How the color red remains timeless in architecture and design

TWA Flight Center Hotel at JFK Airport

The TWA Flight Center Hotel at JFK Airport will preserve the iconic Saarinen terminal, restoring the landmark to its Jet Age condition for generations to enjoy

After choosing a shade of red as the Color of the Year, AIA partner Benjamin Moore expands on the color’s historical relevance and present-day value

Following a year-long research journey, Benjamin Moore revealed Caliente AF-290 as its Color of the Year 2018. Caliente AF-290 is a vibrant, charismatic shade of red that is strong, radiant, and full of energy. The red color family has been important throughout history and remains relevant in today’s homes. We can better understand the symbolism and vitality of the color red by looking at its past and how it became a staple in the artist, designer, and architect palette.

Throughout history, red has served as a visual storyteller. One of the first uses of the color was in the cave paintings discovered at the Lascaux Caves in France. During the time of the Egyptians and Phoenicians, a love for color began to develop. As a result, red became an important business; many tradesmen specialized in red pigments for use in dyes, makeup, and other materials. Various associations with red began to surface, ranging from a representation of danger to being a symbol of power and prosperity. Similar to the Egyptians, the Romans were enamored with the color red. Looking at some of the earliest examples of architecture, Romans were among the first to adorn their villas and tombs with red to symbolize wealth and power.

The color red grew prevalent in global cultures and art styles, symbolizing a variety of notions: luck and happiness in China, good fortune in Iran, or mourning in South Africa, among others. The strength of its symbolism around the globe is evident, as red is the most common color across the 196 world flags. Many influential artists incorporated red into their work, each with different intentions, including Jan van Eyck’s use of red to illustrate social status or Piet Mondrian’s focus on primary colors and using red to add energy. As time passed and architecture and interiors evolved, red permeated into design and quickly became a mainstay.

Regardless of architecture or design style, red was a critical element for some of the most renowned architects and designers. An early example is Diana Vreeland’s iconic red living room—designed by Billy Baldwin—that inspired many to experiment with the color. Additionally, Frank Lloyd Wright’s signature color is a red used prominently in many of his projects, and the use of red by Eero Saarinen, FAIA, throughout the TWA terminal at JFK Airport in New York became a hallmark of American modernism. Red also plays an integral role in midcentury modern design and is often associated with several iconic styles and upholstery colors.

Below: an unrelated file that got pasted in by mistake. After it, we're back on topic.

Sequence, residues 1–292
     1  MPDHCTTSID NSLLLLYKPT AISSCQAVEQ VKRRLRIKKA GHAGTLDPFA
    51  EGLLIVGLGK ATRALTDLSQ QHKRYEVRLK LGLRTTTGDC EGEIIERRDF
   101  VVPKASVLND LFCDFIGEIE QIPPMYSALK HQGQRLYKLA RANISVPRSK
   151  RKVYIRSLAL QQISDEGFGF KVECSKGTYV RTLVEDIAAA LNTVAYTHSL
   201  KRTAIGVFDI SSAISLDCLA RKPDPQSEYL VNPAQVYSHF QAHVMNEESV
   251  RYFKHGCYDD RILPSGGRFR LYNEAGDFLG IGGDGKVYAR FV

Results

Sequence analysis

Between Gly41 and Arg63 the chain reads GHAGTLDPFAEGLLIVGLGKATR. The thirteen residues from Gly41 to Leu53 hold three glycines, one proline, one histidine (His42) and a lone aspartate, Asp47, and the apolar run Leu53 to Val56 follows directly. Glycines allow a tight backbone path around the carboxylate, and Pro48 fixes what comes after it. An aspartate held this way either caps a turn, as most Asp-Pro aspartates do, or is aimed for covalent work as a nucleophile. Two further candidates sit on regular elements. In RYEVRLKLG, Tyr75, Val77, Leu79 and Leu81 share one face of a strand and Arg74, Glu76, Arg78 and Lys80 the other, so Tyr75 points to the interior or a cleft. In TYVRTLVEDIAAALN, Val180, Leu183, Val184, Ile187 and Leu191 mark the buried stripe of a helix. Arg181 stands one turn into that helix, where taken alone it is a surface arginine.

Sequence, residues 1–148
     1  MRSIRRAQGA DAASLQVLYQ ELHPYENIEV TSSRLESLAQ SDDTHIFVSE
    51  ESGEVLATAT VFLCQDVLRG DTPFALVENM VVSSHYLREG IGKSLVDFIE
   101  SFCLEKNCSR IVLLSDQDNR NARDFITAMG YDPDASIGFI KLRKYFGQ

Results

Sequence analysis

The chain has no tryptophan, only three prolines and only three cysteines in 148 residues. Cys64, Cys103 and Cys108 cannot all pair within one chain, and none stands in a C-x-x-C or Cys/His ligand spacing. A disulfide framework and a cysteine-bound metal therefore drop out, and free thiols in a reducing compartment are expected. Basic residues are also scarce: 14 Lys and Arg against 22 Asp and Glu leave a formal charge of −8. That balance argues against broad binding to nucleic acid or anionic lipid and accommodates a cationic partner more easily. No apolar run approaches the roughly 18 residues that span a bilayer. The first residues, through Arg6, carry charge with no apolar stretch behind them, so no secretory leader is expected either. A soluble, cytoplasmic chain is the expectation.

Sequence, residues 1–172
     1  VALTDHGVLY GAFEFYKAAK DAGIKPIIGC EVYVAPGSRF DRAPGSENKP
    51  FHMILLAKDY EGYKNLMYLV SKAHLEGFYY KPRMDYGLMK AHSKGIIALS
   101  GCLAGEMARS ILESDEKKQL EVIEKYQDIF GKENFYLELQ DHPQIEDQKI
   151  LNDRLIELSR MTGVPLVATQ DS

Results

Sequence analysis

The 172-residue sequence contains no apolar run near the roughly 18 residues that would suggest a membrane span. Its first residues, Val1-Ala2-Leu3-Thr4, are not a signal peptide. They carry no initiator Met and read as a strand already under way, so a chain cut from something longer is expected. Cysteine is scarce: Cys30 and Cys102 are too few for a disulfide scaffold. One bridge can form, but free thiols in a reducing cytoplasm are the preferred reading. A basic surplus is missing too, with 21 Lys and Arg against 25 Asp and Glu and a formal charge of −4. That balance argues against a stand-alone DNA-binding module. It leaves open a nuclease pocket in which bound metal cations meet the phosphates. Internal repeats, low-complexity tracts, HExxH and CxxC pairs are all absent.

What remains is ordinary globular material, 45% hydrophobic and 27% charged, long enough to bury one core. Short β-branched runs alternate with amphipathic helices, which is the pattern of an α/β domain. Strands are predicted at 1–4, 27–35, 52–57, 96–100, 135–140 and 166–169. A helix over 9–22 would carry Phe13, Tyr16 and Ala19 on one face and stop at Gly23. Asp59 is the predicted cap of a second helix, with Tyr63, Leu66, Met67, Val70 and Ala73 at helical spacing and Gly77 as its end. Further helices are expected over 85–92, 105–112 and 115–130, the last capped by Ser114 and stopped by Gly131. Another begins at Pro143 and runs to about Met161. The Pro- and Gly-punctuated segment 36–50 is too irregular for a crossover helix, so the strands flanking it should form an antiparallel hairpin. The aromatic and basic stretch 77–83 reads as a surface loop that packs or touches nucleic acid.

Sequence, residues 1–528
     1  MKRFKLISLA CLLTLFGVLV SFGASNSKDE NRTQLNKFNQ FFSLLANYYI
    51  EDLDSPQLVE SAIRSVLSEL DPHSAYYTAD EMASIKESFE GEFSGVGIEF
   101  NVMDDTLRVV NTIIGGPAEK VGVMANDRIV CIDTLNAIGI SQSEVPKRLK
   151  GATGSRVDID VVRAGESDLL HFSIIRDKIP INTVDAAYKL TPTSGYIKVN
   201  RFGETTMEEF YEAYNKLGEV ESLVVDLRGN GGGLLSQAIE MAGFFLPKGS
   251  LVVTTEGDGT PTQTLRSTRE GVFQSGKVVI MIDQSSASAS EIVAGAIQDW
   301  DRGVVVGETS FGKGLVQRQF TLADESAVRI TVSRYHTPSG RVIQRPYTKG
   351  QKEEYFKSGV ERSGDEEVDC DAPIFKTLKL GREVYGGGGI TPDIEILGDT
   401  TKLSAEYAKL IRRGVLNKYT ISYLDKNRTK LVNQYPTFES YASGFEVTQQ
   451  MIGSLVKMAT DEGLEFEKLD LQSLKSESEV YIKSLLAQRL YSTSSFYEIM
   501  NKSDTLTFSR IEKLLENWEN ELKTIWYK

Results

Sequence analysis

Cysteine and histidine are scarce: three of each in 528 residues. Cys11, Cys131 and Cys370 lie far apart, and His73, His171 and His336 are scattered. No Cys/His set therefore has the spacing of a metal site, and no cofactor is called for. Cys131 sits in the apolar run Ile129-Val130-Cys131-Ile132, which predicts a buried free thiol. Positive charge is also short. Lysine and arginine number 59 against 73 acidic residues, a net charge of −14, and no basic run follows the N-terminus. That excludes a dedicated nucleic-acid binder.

Today, we still see the bold impact red has on interiors, whether it is used as an accent or throughout an entire room. The beauty of red is that it can be paired with many different hues and complements many styles. Using red on all four walls of a dining room, bedroom, or study can create an enveloping atmosphere and make a notable impression. Adding natural elements such as wood or stone and colors such as white, gray and navy can help to achieve a balanced, classic look. It can also be used with bright whites to create a focal point in a modern space, or be paired with darker hues such as grays, blues, and browns to add drama. Alternatively, red can also be impactful as an accent or an unexpected pop of color. For example, using red on a front door creates a warm and welcoming feel while subtly adding a bit of character to a home.

The Benjamin Moore Color Trends 2018 palette features 23 highly influential hues, including a full spectrum of reds, hints of blush, and deep burgundy, with a carefully selected range of whites, neutrals, and bold hues.

AIA does not sponsor or endorse any enterprise, whether public or private, operated for profit. Further, no AIA officer, director, committee member, or employee, or any of its component organizations in his or her official capacity, is permitted to approve, sponsor, endorse, or do anything that may be deemed or construed to be an approval, sponsorship, or endorsement of any material of construction or any method or manner of handling, using, distributing, or dealing in any material or product.

Image credits

TWA Flight Center Hotel at JFK Airport

Benjamin Moore

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